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08-16-2009, 11:12 PM   #1
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Why do people love super telephoto primes?

Hi, just wondering why a great number of people are content with lenses such as a 300mm fixed focal length lens. At that range, wouldn't people much rather have somewhat of a range?

I guess if you're trying to shoot really far and you want to be able to crop... that's cool or for macro stuff (is that the main reason)???

Just beware that if it's for some crazy reason, i may have to end up buying one

08-16-2009, 11:46 PM   #2
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Just a guess - but maybe price and IQ? The long lenses are harder to make than, say, a normal lens, so if you make a zoom (that's what you mean by range, right?), it's gonna be even more expensive; good build quality and image quality will be even of more expense.

QuoteQuote:
I guess if you're trying to shoot really far and you want to be able to crop... that's cool or for macro stuff (is that the main reason)???
Nope... What you're saying is, imho, much better done with close-focusing wide angles (that is, if you're willing to crop for a "macro" shot). They have a wider depth of field, and shake is much less evident. Usually, macro lenses are in 100mm range - long enough to not be too close to the subject, and not too long for shake to be prohibitive. Try focusing with a 200mm at something a meter away (I tried that once with a couple of extension tubes) and you'll realize you really need a tripod for that.

Last edited by pbo; 08-16-2009 at 11:52 PM.
08-17-2009, 12:03 AM   #3
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In general, IQ of zooms lenses is not as great as that of primes. Also, for most zoom lenses, the IQ is at its worst at the greatest focal length.

Zoom lenses are normally longer and heavier than primes. Handling a zoom lens thus requires more effort and steadier hands and arms.

Zoom lenses, especially ones of great focal length, are slower than primes. Slower lenses require slower shutter speed, a big disadvantage with lens of great focal length.

All these combines make primes much more desirable. Also, there is a very good chance that you need to crop. Every single bit of IQ helps.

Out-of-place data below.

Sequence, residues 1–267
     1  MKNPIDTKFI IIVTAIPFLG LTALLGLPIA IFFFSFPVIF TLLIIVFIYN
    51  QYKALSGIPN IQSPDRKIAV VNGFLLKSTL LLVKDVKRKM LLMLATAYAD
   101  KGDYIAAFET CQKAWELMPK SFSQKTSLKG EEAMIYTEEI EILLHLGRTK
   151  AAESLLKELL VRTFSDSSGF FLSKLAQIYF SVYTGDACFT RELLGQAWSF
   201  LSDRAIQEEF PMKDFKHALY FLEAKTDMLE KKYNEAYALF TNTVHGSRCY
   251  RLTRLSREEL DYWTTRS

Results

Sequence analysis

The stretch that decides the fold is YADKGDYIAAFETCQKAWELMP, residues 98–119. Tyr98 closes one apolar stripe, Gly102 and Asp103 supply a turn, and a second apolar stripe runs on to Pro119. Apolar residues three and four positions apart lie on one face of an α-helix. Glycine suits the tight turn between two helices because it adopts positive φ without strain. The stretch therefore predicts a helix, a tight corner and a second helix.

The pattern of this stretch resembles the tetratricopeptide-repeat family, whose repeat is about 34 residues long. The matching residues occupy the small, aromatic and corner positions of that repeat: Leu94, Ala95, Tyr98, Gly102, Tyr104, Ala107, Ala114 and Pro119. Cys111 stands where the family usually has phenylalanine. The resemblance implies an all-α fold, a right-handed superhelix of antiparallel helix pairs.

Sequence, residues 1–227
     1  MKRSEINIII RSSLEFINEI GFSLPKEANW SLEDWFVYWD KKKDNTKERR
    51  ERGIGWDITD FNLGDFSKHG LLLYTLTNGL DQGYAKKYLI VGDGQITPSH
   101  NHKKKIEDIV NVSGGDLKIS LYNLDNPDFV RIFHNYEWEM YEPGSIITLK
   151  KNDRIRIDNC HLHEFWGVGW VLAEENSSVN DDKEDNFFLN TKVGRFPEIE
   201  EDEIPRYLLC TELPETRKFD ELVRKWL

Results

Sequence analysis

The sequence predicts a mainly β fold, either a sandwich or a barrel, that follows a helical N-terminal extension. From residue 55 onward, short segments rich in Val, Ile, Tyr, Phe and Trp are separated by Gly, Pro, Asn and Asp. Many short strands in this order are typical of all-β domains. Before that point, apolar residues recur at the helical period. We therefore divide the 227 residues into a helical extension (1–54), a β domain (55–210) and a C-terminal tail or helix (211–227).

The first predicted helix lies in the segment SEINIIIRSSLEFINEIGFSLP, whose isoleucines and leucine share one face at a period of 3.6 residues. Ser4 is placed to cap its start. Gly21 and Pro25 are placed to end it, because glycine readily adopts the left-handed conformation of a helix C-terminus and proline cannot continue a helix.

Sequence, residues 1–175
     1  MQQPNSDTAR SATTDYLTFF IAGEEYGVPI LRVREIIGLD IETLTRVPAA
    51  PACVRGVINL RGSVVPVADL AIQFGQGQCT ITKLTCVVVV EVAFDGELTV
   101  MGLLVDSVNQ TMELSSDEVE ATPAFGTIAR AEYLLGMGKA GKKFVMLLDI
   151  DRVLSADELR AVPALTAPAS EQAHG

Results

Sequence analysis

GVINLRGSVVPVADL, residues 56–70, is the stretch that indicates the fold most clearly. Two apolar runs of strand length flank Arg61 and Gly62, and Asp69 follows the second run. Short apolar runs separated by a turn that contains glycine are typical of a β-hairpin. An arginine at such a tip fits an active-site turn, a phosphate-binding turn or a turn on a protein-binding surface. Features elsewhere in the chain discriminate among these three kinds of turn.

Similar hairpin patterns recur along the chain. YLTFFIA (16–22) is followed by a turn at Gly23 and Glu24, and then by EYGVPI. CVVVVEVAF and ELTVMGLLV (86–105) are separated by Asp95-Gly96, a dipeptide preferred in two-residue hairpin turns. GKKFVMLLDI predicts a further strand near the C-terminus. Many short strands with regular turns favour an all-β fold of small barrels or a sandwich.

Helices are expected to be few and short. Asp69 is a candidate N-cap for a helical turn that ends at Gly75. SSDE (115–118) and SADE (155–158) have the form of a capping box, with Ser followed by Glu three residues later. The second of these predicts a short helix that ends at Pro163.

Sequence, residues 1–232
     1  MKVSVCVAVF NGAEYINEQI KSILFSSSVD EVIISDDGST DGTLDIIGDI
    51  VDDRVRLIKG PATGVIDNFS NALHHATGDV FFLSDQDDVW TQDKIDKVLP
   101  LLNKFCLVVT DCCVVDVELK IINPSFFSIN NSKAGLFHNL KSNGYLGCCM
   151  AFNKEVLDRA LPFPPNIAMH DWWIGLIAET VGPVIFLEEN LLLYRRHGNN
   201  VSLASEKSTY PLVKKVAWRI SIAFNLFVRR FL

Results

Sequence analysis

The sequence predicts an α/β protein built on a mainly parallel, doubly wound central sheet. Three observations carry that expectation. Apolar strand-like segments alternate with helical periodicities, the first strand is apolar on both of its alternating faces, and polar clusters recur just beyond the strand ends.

I don't think "macro" is a reason. Great focal length requires steady hands and arms. Macro requires steady hands and arms. Both of them combine means big stable tripod.
08-17-2009, 06:01 AM   #4
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QuoteOriginally posted by esman7 Quote
Hi, just wondering why a great number of people are content with lenses such as a 300mm fixed focal length lens. At that range, wouldn't people much rather have somewhat of a range?

I guess if you're trying to shoot really far and you want to be able to crop... that's cool or for macro stuff (is that the main reason)???

Just beware that if it's for some crazy reason, i may have to end up buying one
I quickly found that for birds, I was almost always speed and distance limited. Not only would I have to crop, but the low f-number of zooms at the long end made stability & focus difficult.

Do high quality 300mm constant f4 zooms even exist?

08-17-2009, 06:31 AM   #5
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Size and weight. Super telephoto lenses are big, super zooms are huge.
As an example, my A*600/5.6 is 133 x 386 mm and weights 3.280 kg, the FA 250-600/5.6
is 134 x 442 mm and weighs in at 5.400 kg.
Granted the zoom offers AF, but the length and weight penalties are tremendous.
08-17-2009, 07:42 AM   #6
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Ok that makes a lot of sense - I hadn't taken the size aspect of the lenses into account.

Thanks for your replies!
08-19-2009, 01:41 PM   #7
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QuoteOriginally posted by esman7 Quote
Hi, just wondering why a great number of people are content with lenses such as a 300mm fixed focal length lens. At that range, wouldn't people much rather have somewhat of a range?

I guess if you're trying to shoot really far and you want to be able to crop... that's cool or for macro stuff (is that the main reason)???

Just beware that if it's for some crazy reason, i may have to end up buying one
The longer the focal length becomes, the more expensive the lens gets, IF you want a decently fast lens. A prime lens of 300mm fl with a max, aperture of 4.0 is still affordable. A zoom with max. aperture is very rare (the Sigma 100-300/4 is the obvious contender) and more expensive. Also, if you consider really long lenses, like 500mm, zooms get really slow ( The Bigma is 1:6.3 at 500mm), wheras you can buy an old Pentax 500/4.5 for just a bit more than half the cost of the Sigma.